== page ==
Popcorn, Dr. Pepper, and Cthulhu. It just doesn’t get better than this. 😀

RELATED: The previous trailer.

(via Moe Lane)


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This has been making the rounds of the Internet lately; I think it’s very amusing and oddly appropriate. Not surprising, since silent movies were often melodramatic, and Star Wars is modern melodrama. Enjoy!

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Bollywood knows action

Jean Claude van Damme, eat your heart out:

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Happy birthday to Bugs Bunny! Seventy years old and still as smart-alecky as ever. Starpulse has a good article. I have the six-volume Warner Bros. Golden Collection of Looney Tunes and Merry Melodies; it’s one of my treasured possessions. Being the studio’s premier cartoon character, Bugs features or guest stars in most (or at least a plurality) of the cartoons in the set. Many are classics, but my all-time favorite is probably What’s Opera, Doc?

Warners had many great characters in its cartoon stable, but Bugs is probably the most well-known. Brash, confident, clever, and always ready with a wisecrack, Bugs I think appealed to so many be because he, like the Marx Brothers before him, stood for the “average Joe” who could square off with bullies, bureaucrats, and the self-important jerks who annoy us on an otherwise pleasant day. Bugs does those things we’d like to do, but can’t. And so they have a timeless quality that keeps them meaningful to us, long after many of the other cartoons have been forgotten by all but collectors.

Hmm. I think a cartoon film-festival is in order tonight. As Bugs would say, “Maestro! Music, please!

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I love the horror stories of H.P. Lovecraft, loosely set in a 1920s America in which the nihilist mood induced by the horrors of the First World War is applied to the universe as a whole. Uncaring gods, aliens to whom Man is less than an insect, ancient histories stretching back millions of years, secret cults and their sanity-blasting secrets, a hopeless, meaningless, doomed world… Good times! 🙂  And, as you can see in the sidebar, one of my favorite roleplaying games is one based on Lovecratft’s works, Call of Cthulhu*. So you can bet your sweet shoggoth that I’m looking forward to this:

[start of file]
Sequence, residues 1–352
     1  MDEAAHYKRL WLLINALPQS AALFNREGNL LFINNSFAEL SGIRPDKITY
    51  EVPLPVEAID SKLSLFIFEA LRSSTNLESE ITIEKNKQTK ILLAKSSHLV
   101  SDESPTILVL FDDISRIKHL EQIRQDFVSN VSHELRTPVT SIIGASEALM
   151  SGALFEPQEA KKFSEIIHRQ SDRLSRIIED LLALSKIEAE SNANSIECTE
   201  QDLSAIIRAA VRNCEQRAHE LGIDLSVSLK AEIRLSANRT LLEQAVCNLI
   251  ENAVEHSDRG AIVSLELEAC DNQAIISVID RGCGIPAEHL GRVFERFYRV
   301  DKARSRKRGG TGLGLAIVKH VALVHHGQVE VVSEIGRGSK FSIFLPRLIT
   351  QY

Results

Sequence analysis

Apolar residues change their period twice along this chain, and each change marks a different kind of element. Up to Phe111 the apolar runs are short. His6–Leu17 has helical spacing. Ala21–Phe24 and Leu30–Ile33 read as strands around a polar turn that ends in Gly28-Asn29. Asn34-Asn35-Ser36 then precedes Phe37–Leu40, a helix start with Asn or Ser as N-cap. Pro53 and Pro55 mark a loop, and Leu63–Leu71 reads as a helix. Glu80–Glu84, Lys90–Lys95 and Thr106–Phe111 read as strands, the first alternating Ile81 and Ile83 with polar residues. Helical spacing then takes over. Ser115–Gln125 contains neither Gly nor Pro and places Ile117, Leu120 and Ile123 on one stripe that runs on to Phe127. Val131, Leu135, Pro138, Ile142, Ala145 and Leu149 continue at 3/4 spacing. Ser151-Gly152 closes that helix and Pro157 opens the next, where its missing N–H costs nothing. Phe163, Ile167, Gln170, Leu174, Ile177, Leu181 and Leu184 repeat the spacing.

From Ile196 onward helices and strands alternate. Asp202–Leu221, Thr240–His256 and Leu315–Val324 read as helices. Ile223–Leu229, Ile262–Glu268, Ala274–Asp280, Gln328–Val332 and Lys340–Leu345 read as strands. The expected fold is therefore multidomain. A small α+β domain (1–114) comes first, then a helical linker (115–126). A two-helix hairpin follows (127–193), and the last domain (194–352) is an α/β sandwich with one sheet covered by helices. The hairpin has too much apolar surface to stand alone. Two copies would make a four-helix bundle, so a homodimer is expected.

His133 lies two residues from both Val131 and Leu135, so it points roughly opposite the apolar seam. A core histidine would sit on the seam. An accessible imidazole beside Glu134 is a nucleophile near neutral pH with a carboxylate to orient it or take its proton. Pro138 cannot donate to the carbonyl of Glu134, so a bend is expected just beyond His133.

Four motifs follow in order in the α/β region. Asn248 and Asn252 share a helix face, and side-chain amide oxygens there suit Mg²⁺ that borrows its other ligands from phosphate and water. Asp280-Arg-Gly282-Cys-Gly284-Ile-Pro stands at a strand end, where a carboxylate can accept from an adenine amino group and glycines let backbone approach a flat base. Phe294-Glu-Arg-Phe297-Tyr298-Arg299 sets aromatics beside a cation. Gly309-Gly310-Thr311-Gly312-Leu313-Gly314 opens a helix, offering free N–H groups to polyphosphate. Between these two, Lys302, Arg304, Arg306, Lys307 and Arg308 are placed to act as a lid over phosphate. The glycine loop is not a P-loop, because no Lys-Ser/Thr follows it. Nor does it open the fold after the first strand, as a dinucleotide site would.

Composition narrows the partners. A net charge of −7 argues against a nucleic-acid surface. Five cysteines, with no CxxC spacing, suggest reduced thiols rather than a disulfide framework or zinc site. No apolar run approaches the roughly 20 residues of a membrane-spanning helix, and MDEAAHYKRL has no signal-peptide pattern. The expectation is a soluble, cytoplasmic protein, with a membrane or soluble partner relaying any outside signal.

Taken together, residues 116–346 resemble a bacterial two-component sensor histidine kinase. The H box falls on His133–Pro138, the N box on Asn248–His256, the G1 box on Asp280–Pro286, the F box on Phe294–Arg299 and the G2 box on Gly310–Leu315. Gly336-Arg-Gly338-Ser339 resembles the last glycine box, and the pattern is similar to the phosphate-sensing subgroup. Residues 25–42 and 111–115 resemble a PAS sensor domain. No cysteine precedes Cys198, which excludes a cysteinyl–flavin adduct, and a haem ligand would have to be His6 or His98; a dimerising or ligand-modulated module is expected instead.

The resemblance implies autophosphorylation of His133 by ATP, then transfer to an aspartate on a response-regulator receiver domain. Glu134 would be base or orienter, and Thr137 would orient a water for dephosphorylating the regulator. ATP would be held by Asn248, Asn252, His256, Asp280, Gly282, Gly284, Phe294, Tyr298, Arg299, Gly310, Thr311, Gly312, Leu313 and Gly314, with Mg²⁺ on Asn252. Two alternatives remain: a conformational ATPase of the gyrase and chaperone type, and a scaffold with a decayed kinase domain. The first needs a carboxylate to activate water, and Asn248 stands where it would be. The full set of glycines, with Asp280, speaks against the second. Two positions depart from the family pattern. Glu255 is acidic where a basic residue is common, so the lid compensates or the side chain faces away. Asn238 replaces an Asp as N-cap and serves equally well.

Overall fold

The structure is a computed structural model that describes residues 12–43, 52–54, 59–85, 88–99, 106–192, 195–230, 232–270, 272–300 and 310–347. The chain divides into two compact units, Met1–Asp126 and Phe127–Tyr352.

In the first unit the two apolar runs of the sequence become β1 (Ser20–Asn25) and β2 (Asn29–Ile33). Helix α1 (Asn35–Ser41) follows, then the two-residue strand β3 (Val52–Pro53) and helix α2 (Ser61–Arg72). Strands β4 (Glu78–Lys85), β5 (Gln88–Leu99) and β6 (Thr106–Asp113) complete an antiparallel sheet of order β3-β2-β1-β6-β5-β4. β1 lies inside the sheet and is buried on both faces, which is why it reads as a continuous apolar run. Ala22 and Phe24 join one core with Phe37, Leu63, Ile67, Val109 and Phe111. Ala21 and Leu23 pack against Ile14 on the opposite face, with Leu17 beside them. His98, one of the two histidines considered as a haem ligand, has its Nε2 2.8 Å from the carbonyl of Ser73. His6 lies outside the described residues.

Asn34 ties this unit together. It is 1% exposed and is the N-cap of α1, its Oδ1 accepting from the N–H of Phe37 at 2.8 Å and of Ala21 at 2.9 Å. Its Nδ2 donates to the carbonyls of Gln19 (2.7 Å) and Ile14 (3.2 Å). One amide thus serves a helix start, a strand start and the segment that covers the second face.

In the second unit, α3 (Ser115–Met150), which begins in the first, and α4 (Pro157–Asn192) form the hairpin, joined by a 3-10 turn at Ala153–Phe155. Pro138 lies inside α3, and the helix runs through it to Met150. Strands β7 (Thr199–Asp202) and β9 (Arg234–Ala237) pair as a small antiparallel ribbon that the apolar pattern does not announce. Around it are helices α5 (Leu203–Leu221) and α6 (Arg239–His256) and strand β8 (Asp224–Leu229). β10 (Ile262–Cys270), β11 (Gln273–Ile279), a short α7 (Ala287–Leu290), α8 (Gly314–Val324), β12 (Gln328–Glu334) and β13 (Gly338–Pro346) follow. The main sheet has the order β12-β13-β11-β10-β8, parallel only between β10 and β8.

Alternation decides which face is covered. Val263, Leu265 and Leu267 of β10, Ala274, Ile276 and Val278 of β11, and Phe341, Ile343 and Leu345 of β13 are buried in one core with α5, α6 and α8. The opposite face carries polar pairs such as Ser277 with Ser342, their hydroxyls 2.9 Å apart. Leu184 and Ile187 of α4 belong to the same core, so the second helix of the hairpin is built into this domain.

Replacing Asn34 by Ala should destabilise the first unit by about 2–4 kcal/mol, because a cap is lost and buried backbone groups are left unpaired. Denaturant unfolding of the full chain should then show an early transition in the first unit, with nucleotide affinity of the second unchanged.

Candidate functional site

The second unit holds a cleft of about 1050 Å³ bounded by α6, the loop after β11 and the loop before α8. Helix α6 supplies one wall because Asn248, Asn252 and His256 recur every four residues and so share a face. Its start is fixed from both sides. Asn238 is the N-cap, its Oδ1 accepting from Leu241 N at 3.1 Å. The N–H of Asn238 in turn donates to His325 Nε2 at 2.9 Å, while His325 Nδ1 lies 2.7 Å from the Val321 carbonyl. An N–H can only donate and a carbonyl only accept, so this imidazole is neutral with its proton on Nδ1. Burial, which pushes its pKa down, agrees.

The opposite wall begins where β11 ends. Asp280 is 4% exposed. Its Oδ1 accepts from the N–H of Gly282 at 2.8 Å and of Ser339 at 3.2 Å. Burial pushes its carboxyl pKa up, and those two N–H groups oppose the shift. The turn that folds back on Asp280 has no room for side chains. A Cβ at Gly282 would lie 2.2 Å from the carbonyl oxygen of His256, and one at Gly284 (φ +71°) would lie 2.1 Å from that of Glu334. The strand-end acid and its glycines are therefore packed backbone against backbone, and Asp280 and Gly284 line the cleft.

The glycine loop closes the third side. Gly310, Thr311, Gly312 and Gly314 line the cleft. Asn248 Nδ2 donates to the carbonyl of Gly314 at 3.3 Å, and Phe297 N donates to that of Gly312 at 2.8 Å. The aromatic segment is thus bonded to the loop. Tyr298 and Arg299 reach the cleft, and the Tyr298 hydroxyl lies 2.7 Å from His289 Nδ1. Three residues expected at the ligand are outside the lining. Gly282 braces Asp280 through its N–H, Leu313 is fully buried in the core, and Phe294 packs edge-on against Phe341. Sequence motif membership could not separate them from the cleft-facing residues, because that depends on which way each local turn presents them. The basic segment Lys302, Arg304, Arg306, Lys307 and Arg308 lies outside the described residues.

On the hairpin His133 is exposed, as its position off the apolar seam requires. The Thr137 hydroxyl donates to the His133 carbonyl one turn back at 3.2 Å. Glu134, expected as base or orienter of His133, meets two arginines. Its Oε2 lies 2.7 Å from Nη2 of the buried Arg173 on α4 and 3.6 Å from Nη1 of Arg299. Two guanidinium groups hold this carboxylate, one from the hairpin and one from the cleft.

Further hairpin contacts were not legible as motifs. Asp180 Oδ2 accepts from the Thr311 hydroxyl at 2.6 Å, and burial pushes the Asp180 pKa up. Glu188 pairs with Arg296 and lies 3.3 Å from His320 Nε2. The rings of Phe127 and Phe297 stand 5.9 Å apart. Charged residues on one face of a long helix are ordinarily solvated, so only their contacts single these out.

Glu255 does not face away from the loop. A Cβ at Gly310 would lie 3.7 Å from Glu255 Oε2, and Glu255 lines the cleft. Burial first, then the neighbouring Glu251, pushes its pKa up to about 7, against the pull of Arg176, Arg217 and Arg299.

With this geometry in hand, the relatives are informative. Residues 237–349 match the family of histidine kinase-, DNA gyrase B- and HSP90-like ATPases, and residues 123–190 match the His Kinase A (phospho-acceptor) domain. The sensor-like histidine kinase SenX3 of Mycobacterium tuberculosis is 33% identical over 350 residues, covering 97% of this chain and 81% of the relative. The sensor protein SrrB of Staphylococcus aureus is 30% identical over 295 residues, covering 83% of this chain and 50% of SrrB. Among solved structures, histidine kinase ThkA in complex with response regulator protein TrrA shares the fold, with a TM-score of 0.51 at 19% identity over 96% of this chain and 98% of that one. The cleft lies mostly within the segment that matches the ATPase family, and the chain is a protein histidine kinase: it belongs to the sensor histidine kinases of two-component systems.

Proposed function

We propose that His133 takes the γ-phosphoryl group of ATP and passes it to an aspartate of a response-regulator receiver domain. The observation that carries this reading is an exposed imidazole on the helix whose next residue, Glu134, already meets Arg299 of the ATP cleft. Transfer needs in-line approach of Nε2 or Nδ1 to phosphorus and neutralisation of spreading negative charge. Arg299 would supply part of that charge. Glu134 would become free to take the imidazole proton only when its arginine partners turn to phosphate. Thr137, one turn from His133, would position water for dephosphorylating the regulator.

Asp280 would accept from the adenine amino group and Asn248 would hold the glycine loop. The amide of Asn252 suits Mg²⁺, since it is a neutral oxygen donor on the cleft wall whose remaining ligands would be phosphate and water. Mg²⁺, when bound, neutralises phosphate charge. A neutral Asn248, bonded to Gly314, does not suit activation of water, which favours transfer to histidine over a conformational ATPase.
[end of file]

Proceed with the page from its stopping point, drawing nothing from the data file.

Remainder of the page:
This is from the same group that did the wonderful Call of Cthulhu silent movie, so I have great hope that The Whisperer in Darkness will be just as good or better.

(via Moe Lane)

*(Seriously. You wouldn’t think a game in such a world would be fun, but it is!)

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Here to save the world before nap-time: Iron Baby!

Don’t make him cranky…

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Stephen Hawking is a certified genius and, when he says we shouldn’t want to talk to the space aliens, maybe we should listen:

One scene in his documentary for the Discovery Channel shows herds of two-legged herbivores browsing on an alien cliff-face where they are picked off by flying, yellow lizard-like predators. Another shows glowing fluorescent aquatic animals forming vast shoals in the oceans thought to underlie the thick ice coating Europa, one of the moons of Jupiter.

Such scenes are speculative, but Hawking uses them to lead on to a serious point: that a few life forms could be intelligent and pose a threat. Hawking believes that contact with such a species could be devastating for humanity.

He suggests that aliens might simply raid Earth for its resources and then move on: “We only have to look at ourselves to see how intelligent life might develop into something we wouldn’t want to meet. I imagine they might exist in massive ships, having used up all the resources from their home planet. Such advanced aliens would perhaps become nomads, looking to conquer and colonise whatever planets they can reach.”

He concludes that trying to make contact with alien races is “a little too risky”. He said: “If aliens ever visit us, I think the outcome would be much as when Christopher Columbus first landed in America, which didn’t turn out very well for the Native Americans.”

Stephen’s a bit older than I, so he was probably raised on movies such as The Thing From Another World and Earth vs. The Flying Saucers, just as I was. Or maybe a viewing of To Serve Man was all it took. Regardless, I’m glad to see he’s absorbed the subtle lessons contained in these documentaries disguised as science fiction….

Keep watching the skies! (Just be quiet while you’re doing it….) 😉

LINKS: Fausta is wary of aliens, too.

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The Wizard of Dogs

This is cute. 🙂

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The public has spoken

A £9 take on opening day? That’s enough to make a star want to find someone named Bill to kill.

(via Instapundit)